Bit Of A Blow

Whew. Here we are in the port of Monte Carlo waiting to disembark and say farewell to our vessel, the Regent Seven Seas Navigator. We’ve covered 1,589 total nautical miles, but this last 142 from Corsica were the most memorable — not for the right reasons.

I’m hearing that the ship plowed right through the middle of a night-long windstorm with sustained 100 kph winds and gusts up to 130 kph driving the swells past the 20-foot mark. No clouds, no rain… just a whole lotta blow generating spectacularly roiling seas and occasionally tilting the boat to starboard to a rather staggering degree.

A fellow passenger behind me just now likened it somewhat blissfully to sleeping in a hammock, but I think it was a bit more like trying to grab bits of shuteye on a hammock that’s on a rollercoaster that’s in the middle of an earthquake with someone pounding on the walls and ceiling.

I never felt in any danger… in fact on several occasions I got up to wobble to the sliding glass window and marvel at being so very close to the ocean’s fury under incredibly and somewhat incongruously clear star-filled skies. It was weird to be right in the teeth of the melee yet to look up and see a thousand points of light shining peacefully down as if being in two places at the same time. Heaven and hell.

The most disconcerting of the night-long ordeal was whenever I’d finally nod off and then awake suddenly as the boat dipped into a trough between swells leaving my stomach hovering in some sort of purgatory a couple feet above me.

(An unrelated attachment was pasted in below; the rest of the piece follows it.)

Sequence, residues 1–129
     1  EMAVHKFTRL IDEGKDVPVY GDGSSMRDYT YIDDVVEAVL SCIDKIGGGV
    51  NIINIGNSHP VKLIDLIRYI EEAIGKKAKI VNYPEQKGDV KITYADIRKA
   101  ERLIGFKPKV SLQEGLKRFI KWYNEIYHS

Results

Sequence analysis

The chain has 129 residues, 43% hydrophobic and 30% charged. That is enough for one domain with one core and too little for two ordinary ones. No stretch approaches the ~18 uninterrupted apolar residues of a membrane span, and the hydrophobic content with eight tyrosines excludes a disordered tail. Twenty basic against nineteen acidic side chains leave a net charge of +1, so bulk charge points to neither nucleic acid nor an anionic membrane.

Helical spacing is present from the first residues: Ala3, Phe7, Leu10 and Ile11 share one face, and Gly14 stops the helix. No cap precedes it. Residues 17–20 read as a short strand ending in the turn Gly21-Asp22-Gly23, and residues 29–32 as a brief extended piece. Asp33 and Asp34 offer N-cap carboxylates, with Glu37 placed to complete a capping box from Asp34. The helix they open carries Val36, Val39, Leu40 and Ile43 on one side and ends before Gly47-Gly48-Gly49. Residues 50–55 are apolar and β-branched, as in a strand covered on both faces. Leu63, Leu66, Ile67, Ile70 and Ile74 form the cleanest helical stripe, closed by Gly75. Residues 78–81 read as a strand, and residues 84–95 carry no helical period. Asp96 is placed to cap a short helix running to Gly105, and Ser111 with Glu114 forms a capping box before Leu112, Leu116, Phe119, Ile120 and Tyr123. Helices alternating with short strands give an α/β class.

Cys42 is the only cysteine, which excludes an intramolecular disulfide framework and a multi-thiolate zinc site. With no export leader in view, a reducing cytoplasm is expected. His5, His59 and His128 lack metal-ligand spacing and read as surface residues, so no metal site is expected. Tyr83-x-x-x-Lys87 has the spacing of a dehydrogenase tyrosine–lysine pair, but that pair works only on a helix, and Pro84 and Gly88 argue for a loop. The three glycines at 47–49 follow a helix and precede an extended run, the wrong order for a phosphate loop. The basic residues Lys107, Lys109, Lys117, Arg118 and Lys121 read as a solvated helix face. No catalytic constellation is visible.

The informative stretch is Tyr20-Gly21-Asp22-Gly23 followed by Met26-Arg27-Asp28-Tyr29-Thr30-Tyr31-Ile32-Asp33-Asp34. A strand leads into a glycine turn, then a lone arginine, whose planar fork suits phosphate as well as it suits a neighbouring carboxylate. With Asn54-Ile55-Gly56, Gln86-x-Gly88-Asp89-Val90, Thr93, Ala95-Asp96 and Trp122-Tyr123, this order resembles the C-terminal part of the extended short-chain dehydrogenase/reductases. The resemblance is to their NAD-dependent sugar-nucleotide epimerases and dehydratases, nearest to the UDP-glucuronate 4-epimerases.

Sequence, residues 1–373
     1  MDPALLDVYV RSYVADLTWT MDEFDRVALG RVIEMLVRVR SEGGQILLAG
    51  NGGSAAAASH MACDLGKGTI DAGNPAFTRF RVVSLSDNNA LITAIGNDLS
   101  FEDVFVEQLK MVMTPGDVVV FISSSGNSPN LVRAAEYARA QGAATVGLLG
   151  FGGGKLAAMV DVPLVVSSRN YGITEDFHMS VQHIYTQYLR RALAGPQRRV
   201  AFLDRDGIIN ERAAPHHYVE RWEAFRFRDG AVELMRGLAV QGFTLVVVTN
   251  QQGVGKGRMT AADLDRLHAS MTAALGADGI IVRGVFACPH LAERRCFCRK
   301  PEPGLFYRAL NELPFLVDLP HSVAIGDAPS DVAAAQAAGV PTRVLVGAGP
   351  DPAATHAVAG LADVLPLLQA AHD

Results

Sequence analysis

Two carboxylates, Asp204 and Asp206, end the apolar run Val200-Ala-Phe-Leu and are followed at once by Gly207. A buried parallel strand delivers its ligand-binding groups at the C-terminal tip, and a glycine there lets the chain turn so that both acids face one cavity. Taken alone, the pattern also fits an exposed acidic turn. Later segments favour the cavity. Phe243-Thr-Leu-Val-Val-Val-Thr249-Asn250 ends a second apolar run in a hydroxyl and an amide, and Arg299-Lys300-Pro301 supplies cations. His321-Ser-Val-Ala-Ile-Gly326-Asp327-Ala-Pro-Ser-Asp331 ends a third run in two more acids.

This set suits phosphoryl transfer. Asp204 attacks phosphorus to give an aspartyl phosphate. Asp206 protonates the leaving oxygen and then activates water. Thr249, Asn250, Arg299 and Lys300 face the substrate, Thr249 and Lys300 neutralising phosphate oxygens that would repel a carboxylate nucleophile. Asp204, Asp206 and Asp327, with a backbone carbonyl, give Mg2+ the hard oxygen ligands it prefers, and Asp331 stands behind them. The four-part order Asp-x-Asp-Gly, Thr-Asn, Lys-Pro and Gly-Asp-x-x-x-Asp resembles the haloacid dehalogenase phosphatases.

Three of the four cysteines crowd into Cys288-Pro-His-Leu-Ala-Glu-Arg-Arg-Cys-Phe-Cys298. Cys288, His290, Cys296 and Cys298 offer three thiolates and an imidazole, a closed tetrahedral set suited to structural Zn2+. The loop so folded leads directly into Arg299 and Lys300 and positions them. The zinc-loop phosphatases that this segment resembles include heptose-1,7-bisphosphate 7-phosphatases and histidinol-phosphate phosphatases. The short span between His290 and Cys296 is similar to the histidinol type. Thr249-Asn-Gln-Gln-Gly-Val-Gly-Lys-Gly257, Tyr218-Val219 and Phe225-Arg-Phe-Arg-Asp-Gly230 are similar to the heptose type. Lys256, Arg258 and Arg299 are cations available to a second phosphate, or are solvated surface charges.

But we made it through intact and now we’re off to Monaco for some daytripping before checking into our room for the night at The Hermitage Hotel. Then tomorrow it’s the bullet train to Paris.

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Will Campbell arrived in town via the maternity ward at Good Sam Hospital way back in OneNineSixFour and has never stopped calling Los Angeles home. Presently he lives in Silver Lake with his wife Susan, their cat Rocky, dogs Terra and Hazel, and a red-eared slider turtle named Mater. Blogging since 2001, Will's web endeavors extend back to 1995 with, a comprehensive theater site that was well received but ever-short on capital (or a business model). The pinnacle of his online success (which speaks volumes) arrived in 1997, when much to his surprise, a hobby site he'd built called VisuaL.A. was named "best website" in Los Angeles magazine's annual "Best of L.A." issue. He enjoys experiencing (and writing about) pretty much anything creative, explorational and/or adventurous, loves his ebike, is a better tennis player than he is horr golfer, and a lover of all creatures great and small -- emphasis on "all."